The US government is turning to stablecoins—transferable digital tokens backed by fiat currency—as a way of speeding up its notoriously slow domestic payments system.
Earlier this week the Office of the Comptroller of the Currency (OCC), an independent bureau of the US Treasury, issued an interpretive letter saying that US banks may use stablecoins to carry out payment activities.
The OCC also said banks could record those payments transactions by serving as a node on an independent node verification network (or ‘INVN’—the term the OCC uses to refer to a blockchain).
The move by the OCC, which regulates and supervises all national banks in the US, has been greeted as a significant step towards the acceptance of blockchain technology and as a sign of the continuing convergence between traditional and cryptocurrency-based finance.
“Blockchain is coming of age”
“Blockchain is coming of age,” said Jennifer Murphy, COO at Western Asset Management, in response to the release of the letter.
“The OCC is paving the way for the accelerated adoption of blockchain-based infrastructure in financial services,” she said.
The OCC’s head, Brian Brooks, served previously as chief legal officer of cryptocurrency exchange Coinbase.
Last summer, Brooks touted the efficiencies of stablecoins for money transfers and argued that the US payments infrastructure did not have to be government-run.
“Instantaneous settlement [with stablecoins] would be a game-changer,” Brooks said during a podcast with US-based stablecoin provider Circle, noting the blockchain-based system’s speed and cost advantages.
Independently from the OCC’s initiative, the US central bank, the Federal Reserve has been trying to speed up domestic dollar transfers via new real-time payments system called FedNow. However, this is not due to come into force until 2024 at the earliest.
Brooks also argued that widespread adoption of stablecoins in the US could help preserve the role of the dollar in the global financial system.
“Currently, we are the only country in the world that doesn’t have to change money to buy oil in Saudi Arabia,” he told Circle CEO Jeremy Allaire during the podcast.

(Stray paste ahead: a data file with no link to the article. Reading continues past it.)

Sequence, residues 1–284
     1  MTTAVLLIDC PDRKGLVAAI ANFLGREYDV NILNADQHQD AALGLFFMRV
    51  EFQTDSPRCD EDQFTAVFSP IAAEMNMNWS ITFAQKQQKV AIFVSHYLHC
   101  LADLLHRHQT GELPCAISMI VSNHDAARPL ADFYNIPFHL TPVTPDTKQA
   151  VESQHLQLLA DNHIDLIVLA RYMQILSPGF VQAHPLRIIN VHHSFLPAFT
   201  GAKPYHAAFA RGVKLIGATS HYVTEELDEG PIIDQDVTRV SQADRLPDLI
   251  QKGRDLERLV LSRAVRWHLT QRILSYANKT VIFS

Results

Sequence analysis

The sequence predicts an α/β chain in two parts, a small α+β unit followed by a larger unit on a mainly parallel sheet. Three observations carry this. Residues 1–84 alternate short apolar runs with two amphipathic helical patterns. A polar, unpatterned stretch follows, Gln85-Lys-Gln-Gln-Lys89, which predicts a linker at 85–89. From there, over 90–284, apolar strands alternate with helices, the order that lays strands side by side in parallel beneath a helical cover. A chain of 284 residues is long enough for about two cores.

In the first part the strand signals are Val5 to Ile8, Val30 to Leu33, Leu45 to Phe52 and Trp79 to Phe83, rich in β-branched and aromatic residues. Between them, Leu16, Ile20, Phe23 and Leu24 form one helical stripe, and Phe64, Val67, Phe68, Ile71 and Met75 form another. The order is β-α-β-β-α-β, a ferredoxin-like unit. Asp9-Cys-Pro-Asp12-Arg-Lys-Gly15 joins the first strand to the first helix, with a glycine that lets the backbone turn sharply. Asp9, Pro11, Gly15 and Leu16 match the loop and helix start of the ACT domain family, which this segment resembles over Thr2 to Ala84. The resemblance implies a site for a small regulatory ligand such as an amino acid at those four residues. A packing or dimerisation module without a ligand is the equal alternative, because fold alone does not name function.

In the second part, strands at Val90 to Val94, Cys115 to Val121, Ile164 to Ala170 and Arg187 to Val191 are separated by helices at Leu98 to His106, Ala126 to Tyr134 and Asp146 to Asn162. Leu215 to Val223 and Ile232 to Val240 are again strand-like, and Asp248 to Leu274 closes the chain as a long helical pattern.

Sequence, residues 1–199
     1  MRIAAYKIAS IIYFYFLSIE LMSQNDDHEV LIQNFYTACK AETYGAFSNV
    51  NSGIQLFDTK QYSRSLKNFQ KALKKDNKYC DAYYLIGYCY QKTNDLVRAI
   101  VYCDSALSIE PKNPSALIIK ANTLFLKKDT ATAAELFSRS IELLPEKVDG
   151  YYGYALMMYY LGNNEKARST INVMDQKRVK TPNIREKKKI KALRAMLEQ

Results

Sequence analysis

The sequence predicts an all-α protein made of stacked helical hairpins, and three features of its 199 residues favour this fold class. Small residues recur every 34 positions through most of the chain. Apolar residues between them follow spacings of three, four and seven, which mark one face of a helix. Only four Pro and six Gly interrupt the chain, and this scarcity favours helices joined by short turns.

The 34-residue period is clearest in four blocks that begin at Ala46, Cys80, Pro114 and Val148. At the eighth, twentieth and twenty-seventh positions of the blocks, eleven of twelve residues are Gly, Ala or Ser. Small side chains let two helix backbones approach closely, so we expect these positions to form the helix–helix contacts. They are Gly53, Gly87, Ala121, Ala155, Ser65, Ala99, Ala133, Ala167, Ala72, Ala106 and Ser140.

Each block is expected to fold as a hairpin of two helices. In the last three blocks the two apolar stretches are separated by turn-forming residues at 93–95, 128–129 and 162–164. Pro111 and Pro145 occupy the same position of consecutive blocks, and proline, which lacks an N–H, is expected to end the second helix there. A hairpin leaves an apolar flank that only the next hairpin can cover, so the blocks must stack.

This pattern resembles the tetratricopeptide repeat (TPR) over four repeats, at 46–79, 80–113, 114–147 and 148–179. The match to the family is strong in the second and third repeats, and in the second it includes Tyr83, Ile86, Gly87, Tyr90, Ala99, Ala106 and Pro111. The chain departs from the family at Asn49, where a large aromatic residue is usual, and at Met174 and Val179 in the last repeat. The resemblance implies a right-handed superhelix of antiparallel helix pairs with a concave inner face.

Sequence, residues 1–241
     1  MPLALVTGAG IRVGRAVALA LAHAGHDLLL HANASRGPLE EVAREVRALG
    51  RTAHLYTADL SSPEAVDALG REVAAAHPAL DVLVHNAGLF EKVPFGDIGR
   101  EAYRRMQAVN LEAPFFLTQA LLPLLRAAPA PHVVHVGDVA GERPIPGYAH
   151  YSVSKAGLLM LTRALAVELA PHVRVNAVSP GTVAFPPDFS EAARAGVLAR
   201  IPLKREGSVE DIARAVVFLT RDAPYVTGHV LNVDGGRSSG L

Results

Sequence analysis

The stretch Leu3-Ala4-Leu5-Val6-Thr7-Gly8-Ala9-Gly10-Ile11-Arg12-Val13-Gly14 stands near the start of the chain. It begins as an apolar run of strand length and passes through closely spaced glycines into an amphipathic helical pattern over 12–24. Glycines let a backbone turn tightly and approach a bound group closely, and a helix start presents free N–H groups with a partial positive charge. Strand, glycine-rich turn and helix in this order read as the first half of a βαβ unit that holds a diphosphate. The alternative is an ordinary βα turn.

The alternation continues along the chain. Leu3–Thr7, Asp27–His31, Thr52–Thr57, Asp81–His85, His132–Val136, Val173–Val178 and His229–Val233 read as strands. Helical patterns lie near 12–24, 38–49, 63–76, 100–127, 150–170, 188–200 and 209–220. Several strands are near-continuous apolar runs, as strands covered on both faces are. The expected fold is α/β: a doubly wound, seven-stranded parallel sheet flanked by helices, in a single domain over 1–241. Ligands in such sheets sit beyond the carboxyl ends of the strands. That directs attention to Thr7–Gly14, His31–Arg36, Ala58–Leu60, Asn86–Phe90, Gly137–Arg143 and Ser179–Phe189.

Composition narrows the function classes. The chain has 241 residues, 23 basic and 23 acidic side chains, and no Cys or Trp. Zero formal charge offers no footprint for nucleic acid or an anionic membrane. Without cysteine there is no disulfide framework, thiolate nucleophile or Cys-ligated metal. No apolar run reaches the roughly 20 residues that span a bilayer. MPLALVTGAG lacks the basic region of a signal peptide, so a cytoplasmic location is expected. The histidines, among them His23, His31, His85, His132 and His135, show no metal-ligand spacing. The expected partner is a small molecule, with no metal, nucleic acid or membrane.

“Even the Saudis do. That can’t last for years,” Brooks said.
“The dollar has been a reserve currency for a long time not because it’s better or easier to use but because it’s more liquid.”
In November the Bank for International Settlements (BIS), the main policy-making and research body for the world’s central banks, said that stablecoin volumes could expand by “orders of magnitude” during the coming years.
Stablecoins in issue currently total around $28bn, with around 80 percent of the total in the controversial, unregulated dollar stablecoin called tether.
“We are on a path towards all major economic activity being executed on-chain”
Earlier this week Jeremy Allaire, Circle’s CEO, hailed the OCC’s decision and predicted it would have widespread consequences.
“Decentralised, permissionless, open source and internet-mediated software is literally becoming the foundation for not just the US financial system but for the global economy,” Allaire said on Twitter.
“We are on a path towards all major economic activity being executed on-chain. It is tremendous to see such forward-thinking support from the largest regulator of national banks in the United States,” Allaire said.
In its interpretive letter, the OCC said it viewed stablecoins as an evolutionary, rather than a revolutionary technology
“Stablecoins function as a mechanism of payment, in the same way that debit cards, checks, and electronically stored value (ESV) systems convey payment instructions,” the OCC said.
“Banks have long used cashiers’ checks, travellers’ checks, and other bearer instruments as a means of facilitating cashless payments.”
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